Ultimately Robyn’s Treasure won seven races including the 1994 New Zealand Oaks, and seven days later the DB Fillies Final – both at Addington.

At that point the family was starting to expand and Edgar was breeding from other branches of the family.

“Graeme and I raced a few and he’d give me one mare on the condition that I could get a foal out of it. So I ended up with three branches of the family.”

Ross’s son Chris is also breeding from a branch of the family – Brooke Robyn (Artiscape – Maree Robyn). She’s left El Diablo which won four races here and a further ten in Australia.

“We’ve actually got a two year old by Mach Three. That’s the first time she’s been to a decent sire,” Ross said.

When it comes to breeding Ross Wilson likes to generally stick to a tried and true formula.

“I’ve got a philosophy of breeding to proven sires. Although for the first time this year I’ve sent one to He’s Watching only because I’ve heard good things about what he’s doing.”

Wilson says he doesn’t do a lot of work with the young horses.

“We don’t do a lot with them until they’re two year olds. We break them in as weanlings. We get them back in only to make sure they don’t stick us up. I’ve got a nice American Ideal out of Real Robyn which is the same cross as He’s Watching. It’s the first foal we’ve had that gets around like a race horse. So I’ve sent her back there (to the stallion) because of that.”

Robyn’s Treasure died three years ago after she had a paddock accident in which she shattered her shoulder. The Christian Cullen filly foal had to be hand reared.

Named Bridesdale Robyn, she is part-owned by Wilson and Judy Dillon who was responsible for hand rearing her.

“She wouldn’t drink for a start. I was pulling my hair out but then she started to drink from a bucket. She must have got really hungry. She never looked back and was drinking ten litres a day. Two and a half litres, four times a day,” she said.

Despite being talented, Bridesdale Robyn still has some learning to do.

“She hasn’t got a very good steering wheel at the moment. She’s got a big motor and she’s a lovely horse actually. The only good ones we’ve breed from Robyn’s Treasure have been by Christian Cullen (Robyn’s Cullen (9), Rocking Robyn (3) and Bridesdale Robyn (1). The rest have been no bloody good but often it comes through in the next generation.”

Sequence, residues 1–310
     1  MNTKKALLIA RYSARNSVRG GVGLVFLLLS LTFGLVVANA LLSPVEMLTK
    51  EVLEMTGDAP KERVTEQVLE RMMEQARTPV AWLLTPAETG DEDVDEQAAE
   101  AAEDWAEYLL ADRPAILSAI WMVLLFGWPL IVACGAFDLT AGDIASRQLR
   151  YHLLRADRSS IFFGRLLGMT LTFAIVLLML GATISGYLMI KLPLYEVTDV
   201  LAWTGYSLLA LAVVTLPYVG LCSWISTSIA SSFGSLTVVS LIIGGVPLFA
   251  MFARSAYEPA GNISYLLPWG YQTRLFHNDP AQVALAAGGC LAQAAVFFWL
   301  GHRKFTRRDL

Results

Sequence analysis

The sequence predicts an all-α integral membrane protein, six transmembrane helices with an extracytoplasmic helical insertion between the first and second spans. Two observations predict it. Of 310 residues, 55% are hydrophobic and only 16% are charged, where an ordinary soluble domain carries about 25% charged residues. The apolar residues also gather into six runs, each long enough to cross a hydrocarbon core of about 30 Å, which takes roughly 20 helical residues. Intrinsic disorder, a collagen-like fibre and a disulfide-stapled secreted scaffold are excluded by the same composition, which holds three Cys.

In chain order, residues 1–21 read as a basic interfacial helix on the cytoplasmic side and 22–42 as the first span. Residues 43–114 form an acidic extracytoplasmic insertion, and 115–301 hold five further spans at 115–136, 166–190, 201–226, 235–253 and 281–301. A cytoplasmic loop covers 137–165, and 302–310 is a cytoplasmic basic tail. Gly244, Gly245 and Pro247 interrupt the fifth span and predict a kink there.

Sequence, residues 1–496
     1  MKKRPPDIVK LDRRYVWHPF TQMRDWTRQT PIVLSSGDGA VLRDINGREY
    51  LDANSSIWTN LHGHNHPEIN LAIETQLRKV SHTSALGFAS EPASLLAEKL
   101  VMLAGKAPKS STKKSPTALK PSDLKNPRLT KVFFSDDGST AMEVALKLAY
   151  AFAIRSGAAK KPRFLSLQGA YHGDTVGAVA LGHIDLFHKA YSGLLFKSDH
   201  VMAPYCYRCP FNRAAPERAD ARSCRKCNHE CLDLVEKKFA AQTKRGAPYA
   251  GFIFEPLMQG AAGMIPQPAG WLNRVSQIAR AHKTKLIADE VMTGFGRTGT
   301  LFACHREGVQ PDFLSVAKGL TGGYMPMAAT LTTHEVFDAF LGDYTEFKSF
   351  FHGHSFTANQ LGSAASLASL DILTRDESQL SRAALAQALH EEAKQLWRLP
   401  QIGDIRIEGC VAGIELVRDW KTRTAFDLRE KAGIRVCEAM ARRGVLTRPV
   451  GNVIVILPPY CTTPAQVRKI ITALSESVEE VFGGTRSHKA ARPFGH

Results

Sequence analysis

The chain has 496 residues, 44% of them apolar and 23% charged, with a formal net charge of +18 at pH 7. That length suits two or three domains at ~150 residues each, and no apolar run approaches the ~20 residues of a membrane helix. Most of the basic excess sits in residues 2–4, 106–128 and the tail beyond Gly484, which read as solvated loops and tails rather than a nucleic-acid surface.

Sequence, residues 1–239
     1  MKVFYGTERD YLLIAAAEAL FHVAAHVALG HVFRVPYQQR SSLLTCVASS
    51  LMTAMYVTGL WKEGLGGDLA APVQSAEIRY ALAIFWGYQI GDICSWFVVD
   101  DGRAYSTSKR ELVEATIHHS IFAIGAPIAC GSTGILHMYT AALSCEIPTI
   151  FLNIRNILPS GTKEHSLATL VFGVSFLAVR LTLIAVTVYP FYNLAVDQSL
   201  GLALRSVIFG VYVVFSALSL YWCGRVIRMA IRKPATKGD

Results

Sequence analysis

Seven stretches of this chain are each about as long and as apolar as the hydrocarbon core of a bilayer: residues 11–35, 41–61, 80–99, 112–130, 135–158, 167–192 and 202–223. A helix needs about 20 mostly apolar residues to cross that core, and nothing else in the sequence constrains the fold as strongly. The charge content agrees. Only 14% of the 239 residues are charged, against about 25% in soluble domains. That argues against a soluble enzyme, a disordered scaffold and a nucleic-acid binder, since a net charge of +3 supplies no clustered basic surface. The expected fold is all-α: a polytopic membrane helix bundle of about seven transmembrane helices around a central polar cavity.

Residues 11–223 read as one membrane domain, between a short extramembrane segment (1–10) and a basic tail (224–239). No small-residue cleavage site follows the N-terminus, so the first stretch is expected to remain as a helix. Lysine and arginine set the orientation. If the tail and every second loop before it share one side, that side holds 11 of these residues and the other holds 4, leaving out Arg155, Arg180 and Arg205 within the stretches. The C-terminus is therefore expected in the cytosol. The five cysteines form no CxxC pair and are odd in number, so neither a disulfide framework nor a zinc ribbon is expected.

Wilson and Edgar have both named horses after each other. Stanley Ross Robyn named after Ross won two races for Hamish Hunter before being exported to Australia where he’s won another four. He was third in the 2016 Queensland Derby and finished second to Salty Robyn in the Hondo Grattan so it was a breeding quinella for the Robyn breed. Salty Robyn was bred by Tapanui trainer Matt Saunders. He’s by Art Official out of Holly Robyn, a Live Or Die mare out of Robyn’s Treasure. Salty Robyn has won sixteen races in Australia and $214,705 and paced a mile in 1-49.2.

Parnell, which is Graeme Edgar’s nickname, was named by Wilson. He was by Santanna’s Blue Chip but never won a race from twelve starts.

So the eight mares Ross Wilson is breeding from are:

  • Robyn Joan (Holmes Hanover-Robyn’s Measure) Her best winner is My Guy Mac.
  • Regal Treasure (Holmes Hanover – Robyn’s Treasure) winners include Vo Regal (5) and Robs Ideal (7).
  • Von Regal (Village Jasper-Regal Treasure)
  • Regal Art (Art Major-Regal Treasure)
  • Robyn Maree (Holmes Hanover – Maree Robyn) Robyn’s Bad Boy (8)
  • Real Robyn (Real Desire-Robyn’s Treasure)
  • Von Haley (Somebeachsomewhere – Vo Regal)
  • Outkast (Grinfromeartoear-Walk On By) dam of Jerry Fitz (12) and Mulligan (6).

Wilson says that since Ryal Robyn was bred from in 1985, direct descendants from her have won 317 races. And judging by the passion and commitment Ross has for the harness industry there’ll be plenty of Robyns to come.